Banishment has a spicy etymology, associated with outlawed, cursed, prohibited, or exiled.
Here’s the start of a list of what you might usefully banish from your novel.
~ Fatigued and fatiguing scene and especially chapter openings.
Start with a hook. Every time. John Green opens The Fault in Our Stars this way:
Late in the winter of my seventeenth year, my mother decided I was depressed, presumably because I rarely left the house, spent quite a lot of time in bed, read the same book over and over, ate infrequently, and devoted quite a bit of my abundant free time to thinking about death.
Not “My mother’s appraisal was that I was depressed.”
~ Drooping middle.
Glen C. Strathy says that “The middle is just as important as the end.” You need subplots, varied settings, escalating tension, and foreshadowing of every character arc. Make the middle matter.
~ No deus ex machina.
Yes, agents and publishers prefer novels to come in under 100,000 words. You’re already past that, so you—just stop. Always convey at least some resolution, and without any cavalry.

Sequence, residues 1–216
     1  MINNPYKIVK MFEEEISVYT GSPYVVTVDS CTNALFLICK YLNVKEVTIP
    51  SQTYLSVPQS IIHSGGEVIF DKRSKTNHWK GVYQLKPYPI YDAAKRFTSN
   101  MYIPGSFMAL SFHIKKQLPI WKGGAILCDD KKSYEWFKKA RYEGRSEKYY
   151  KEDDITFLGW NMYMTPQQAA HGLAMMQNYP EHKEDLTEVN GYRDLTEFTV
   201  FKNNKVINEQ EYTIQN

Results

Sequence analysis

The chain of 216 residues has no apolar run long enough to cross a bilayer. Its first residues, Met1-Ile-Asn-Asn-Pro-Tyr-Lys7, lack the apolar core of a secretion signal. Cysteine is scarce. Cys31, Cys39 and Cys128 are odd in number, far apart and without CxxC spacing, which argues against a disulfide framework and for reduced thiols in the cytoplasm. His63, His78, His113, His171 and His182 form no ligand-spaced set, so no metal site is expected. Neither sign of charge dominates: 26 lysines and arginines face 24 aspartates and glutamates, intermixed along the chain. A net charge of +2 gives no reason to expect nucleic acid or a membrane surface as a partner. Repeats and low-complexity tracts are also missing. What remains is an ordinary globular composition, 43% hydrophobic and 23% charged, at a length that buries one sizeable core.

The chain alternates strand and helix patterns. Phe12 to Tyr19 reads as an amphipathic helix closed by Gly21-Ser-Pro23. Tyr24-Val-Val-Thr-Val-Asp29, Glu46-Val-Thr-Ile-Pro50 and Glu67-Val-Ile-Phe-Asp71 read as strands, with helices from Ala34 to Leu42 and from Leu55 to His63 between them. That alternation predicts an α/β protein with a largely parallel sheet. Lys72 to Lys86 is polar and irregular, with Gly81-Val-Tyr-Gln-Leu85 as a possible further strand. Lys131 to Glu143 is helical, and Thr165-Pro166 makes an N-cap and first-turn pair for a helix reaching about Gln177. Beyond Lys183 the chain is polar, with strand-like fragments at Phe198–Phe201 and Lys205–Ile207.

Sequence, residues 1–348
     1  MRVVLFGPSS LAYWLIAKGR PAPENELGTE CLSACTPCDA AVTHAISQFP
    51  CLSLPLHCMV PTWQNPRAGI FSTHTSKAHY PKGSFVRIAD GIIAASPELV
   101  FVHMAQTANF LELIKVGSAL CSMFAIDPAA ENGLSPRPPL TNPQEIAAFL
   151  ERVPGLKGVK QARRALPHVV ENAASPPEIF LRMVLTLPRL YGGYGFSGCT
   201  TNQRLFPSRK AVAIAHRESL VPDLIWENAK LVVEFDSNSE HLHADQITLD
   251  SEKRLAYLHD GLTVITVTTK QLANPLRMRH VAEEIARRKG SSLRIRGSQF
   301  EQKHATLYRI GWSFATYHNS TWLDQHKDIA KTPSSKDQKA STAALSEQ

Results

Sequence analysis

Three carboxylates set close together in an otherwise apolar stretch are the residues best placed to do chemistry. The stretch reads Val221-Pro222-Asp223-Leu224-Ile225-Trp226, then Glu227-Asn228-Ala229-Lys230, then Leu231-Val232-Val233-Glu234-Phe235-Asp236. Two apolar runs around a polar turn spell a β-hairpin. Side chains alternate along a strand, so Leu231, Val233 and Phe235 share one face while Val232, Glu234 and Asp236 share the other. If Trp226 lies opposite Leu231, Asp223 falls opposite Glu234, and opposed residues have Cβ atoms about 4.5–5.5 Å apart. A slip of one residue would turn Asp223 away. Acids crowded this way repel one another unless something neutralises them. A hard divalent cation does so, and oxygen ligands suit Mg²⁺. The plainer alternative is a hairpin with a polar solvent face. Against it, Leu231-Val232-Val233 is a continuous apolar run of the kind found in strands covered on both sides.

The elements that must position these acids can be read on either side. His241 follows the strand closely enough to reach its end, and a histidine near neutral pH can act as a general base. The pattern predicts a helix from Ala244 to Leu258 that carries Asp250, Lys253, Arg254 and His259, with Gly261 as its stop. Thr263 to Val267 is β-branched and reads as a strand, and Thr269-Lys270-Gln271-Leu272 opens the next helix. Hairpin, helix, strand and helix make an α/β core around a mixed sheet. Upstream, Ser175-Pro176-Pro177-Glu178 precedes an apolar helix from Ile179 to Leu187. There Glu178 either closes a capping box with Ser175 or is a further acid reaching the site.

~ Offstage action.
Tough as it might be to write sex, confrontation, explosion, or violence, let your readers experience the exciting parts in real time. Don’t collapse or summarize set scenes or drama.
~ An endless list of supporting characters.
How many is too many? That’s unanswerable. What is? Fewer characters are better.
~ Dead metaphors.
They offer all the imagery of stars on a summer night, and that truth is as good as gold.
~ Mixed metaphors.
They irritate like as an invisible memory glittering in your heart.
~ Passive voice.
There have not been found that many reasons for it to be used by you.
~ Double Negative.
It isn’t right not to use double negatives. See what happens?
Tip: Banish both listlessness and clutter. Exile them from the pages of your book.